Guns, Chickens, and Checks: The Journey to Kansas, Part 5

John Brown

Parts 1, 2, 3, 4

John Brown had letters on hand from three of his sons when he started for Kansas. Junior told him the general situation and advised him against expecting to make money raising livestock or land speculating. He did suggest that antislavery men in the territory should arm themselves, though. Jason wrote of his and his wife’s depression at the death of their son. Salmon wanted food and summer clothes. Further correspondence kept Brown up to date on the political situation  and asked if he could raise some money to send guns to Kansas. In better news, Junior also wrote that while all the territory’s surveying had all been contracted out it went so slowly that Brown stood a chance of getting work at it all the same.

All of this goes to the elder Brown’s motivation in coming to Kansas. John Brown went to Kansas to fight slavery and help his sons. He also wanted some means of support while doing so and took a keen interest in money making opportunities, inquiring about prices and the feasibility of various agricultural operations. When Brown got news that he would probably not make piles of money and an at best qualified endorsement of his plan to work as a surveyor, he still went. A person driven entirely by pecuniary interest would have looked elsewhere. Much later, sitting in a Virginia jail, Brown told Clement Vallandingham essentially the same thing:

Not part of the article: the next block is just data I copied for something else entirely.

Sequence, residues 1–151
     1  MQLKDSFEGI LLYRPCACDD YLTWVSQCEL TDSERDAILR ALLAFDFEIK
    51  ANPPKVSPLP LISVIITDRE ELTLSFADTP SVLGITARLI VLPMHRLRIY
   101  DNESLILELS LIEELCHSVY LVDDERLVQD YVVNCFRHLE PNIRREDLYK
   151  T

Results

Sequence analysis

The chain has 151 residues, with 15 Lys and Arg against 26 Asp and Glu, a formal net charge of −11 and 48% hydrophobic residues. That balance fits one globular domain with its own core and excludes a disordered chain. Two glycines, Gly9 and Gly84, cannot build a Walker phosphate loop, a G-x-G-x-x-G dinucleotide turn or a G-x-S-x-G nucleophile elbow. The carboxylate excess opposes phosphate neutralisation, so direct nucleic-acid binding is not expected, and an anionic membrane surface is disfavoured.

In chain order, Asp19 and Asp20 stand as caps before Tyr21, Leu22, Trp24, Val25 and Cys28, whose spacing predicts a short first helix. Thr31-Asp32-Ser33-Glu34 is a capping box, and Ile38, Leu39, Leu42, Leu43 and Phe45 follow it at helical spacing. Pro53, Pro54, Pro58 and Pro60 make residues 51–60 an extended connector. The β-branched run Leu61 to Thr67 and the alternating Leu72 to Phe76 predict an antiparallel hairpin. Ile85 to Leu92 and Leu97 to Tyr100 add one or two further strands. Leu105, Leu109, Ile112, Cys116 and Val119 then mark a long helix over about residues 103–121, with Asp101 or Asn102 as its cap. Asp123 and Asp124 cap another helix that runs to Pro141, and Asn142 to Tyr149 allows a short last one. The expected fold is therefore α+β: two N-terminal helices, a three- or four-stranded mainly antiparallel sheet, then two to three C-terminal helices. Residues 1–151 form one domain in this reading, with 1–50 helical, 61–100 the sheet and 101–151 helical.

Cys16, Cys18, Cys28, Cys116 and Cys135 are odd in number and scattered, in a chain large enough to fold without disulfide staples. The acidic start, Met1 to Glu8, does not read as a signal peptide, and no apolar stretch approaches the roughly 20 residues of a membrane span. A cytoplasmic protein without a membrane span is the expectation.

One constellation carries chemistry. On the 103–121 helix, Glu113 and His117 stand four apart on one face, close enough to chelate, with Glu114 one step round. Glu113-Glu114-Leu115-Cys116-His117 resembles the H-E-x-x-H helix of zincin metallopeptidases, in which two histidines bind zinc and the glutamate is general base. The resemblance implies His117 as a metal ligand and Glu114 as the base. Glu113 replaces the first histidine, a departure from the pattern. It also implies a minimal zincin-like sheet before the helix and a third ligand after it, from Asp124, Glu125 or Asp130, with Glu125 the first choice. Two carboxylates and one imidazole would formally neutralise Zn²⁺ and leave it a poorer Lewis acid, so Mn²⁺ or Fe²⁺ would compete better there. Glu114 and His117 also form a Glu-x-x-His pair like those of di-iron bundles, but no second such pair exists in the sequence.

Vallandingham. How long have you been engaged in this business?

Brown. From the breaking out of the difficulties in Kansas. Four of my sons had gone there to settle, and they induced me to go. I did not go there to settle, but because of the difficulties.

Vallandingham then asked why Brown came to Virginia. Brown gave an answer that would fit his trip to Kansas just as well:

We came to free the slaves, and only that.

Brown made his arrangements. From Chicago, he wrote explaining the progress of his journey since leaving North Elba. He picked up a good horse for $120

but have so much load that we shall have to walk a good deal-enough probably to supply ourselves with game.

Brown traveled with his son Oliver and son-in-law Henry Thompson. He continued on this theme on September 4, by which time they had reached just into Iowa. They tarried longer in than expected in Chicago because “our freight” hadn’t arrived. That freight included guns, of which Brown had a crate from Cleveland as well, and some artillery swords. In further firearms news, he told the family that Oliver turned out to have a good aim and had brought down many free-roaming chickens for the party. Brown closed with instructions for Watson, left in charge back in New York, on how to cash a check for some cattle Brown ordered sold.

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